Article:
Title: Defences against innovation: the conservation of vagueness
Author: Philip Boxer
Category: Submitted for Publication – not to be quoted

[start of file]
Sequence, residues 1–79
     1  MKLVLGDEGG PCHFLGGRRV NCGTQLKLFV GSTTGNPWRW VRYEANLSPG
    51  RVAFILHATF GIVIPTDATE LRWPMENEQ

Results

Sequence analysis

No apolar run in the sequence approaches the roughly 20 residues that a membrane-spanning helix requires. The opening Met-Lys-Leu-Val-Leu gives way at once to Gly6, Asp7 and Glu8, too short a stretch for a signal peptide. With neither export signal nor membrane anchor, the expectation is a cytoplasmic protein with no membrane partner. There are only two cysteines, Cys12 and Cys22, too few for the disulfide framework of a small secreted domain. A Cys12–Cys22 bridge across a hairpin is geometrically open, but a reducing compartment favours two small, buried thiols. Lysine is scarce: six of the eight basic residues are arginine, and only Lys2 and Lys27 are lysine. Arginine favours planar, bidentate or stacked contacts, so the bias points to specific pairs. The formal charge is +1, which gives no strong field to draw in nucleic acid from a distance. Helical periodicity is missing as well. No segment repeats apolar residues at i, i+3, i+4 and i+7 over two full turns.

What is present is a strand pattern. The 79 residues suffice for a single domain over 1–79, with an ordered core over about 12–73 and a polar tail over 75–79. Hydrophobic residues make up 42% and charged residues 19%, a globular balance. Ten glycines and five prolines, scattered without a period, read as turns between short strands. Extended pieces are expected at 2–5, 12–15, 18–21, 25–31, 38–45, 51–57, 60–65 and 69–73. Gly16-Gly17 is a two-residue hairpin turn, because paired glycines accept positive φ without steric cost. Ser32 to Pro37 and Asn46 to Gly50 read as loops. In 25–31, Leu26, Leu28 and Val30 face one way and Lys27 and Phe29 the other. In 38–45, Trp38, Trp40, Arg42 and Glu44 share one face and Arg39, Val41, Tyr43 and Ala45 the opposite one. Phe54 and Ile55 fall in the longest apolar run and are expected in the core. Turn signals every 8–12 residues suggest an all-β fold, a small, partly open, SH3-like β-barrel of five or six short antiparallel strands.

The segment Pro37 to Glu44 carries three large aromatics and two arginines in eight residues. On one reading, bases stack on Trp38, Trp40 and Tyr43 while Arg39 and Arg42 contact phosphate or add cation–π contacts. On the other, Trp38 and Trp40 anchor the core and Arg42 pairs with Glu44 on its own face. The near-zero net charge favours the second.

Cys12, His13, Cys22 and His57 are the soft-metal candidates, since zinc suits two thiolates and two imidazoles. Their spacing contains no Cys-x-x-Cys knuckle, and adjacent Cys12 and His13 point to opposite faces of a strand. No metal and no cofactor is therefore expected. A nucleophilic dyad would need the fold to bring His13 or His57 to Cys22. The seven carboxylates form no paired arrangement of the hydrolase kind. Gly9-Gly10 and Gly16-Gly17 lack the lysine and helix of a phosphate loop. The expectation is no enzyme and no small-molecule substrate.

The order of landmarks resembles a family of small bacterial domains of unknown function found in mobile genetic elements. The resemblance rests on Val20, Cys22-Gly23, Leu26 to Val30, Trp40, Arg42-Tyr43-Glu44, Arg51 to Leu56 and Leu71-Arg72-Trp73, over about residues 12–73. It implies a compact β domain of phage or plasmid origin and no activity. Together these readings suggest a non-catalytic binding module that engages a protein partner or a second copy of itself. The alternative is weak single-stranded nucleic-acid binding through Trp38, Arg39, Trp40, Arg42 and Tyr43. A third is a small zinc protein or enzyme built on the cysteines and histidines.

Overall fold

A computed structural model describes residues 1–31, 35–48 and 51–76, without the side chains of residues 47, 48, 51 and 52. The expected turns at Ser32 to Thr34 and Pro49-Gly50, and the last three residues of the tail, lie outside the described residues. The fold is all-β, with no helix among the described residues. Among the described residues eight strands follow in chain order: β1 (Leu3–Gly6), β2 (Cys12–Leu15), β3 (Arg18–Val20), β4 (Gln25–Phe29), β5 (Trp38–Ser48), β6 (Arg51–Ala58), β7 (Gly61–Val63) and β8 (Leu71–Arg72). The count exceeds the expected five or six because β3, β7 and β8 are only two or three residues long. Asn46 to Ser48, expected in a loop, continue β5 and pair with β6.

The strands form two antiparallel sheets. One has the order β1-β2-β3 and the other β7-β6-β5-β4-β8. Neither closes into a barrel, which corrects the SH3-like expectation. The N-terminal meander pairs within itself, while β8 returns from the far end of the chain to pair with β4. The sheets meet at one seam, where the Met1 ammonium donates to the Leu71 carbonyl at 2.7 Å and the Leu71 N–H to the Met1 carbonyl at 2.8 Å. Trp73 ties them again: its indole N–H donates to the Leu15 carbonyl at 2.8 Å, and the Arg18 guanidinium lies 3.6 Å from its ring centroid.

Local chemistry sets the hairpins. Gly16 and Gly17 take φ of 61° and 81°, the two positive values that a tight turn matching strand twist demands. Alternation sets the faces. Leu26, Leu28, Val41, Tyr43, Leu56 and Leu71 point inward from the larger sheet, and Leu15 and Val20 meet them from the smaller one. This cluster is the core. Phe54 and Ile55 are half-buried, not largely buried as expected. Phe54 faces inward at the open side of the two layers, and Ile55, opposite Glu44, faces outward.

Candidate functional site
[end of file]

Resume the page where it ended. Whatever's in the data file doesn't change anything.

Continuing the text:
An individual newly joining an enterprise may experience it as a social defence system to which he or she must react and adapt. For the nurses in Isabel Menzies-Lyth’s study, “in the process of matching between psychic and social defence systems, the emphasis was heavily on the modification of the individual’s psychic defences”. A social defence system is, however, also “a historical development through collusive interaction between individuals to project and reify relevant elements of their psychic defence systems”. Menzies-Lyth underlines that the use of the organisation of an enterprise as a defence against anxiety is operated only by individuals. This approach has brought its clinical concepts, practices and focus on what enables interventions to be effective, approaching organisational entities through addressing the individual’s experience within a single enterprise, or, through the metaphoric use of psychoanalytic concepts to the enterprise itself as if it were an individual. Either way, the enterprise has been presumed to exist as a sovereign entity, paralleling the presumptions of a sovereign ego. How, then, are we to think psychoanalytically about the way in which the development of an enterprise interacts with an individual? The organisation of an enterprise used by its employees in support of their psychic defence systems is like the reef habitat used by its colonial organisms in support of their individual niches. The dynamic relationship of the coral reef with adjacent environments affects what forms of colonial organism it can support, but so too do the forms of colonial organism affect the topography of the coral reef. How does this translate into the individual-enterprise-environment dynamic? This paper considers the psychoanalytic implications of considering how cross-boundary conditions come to dominate intra-enterprise dynamics.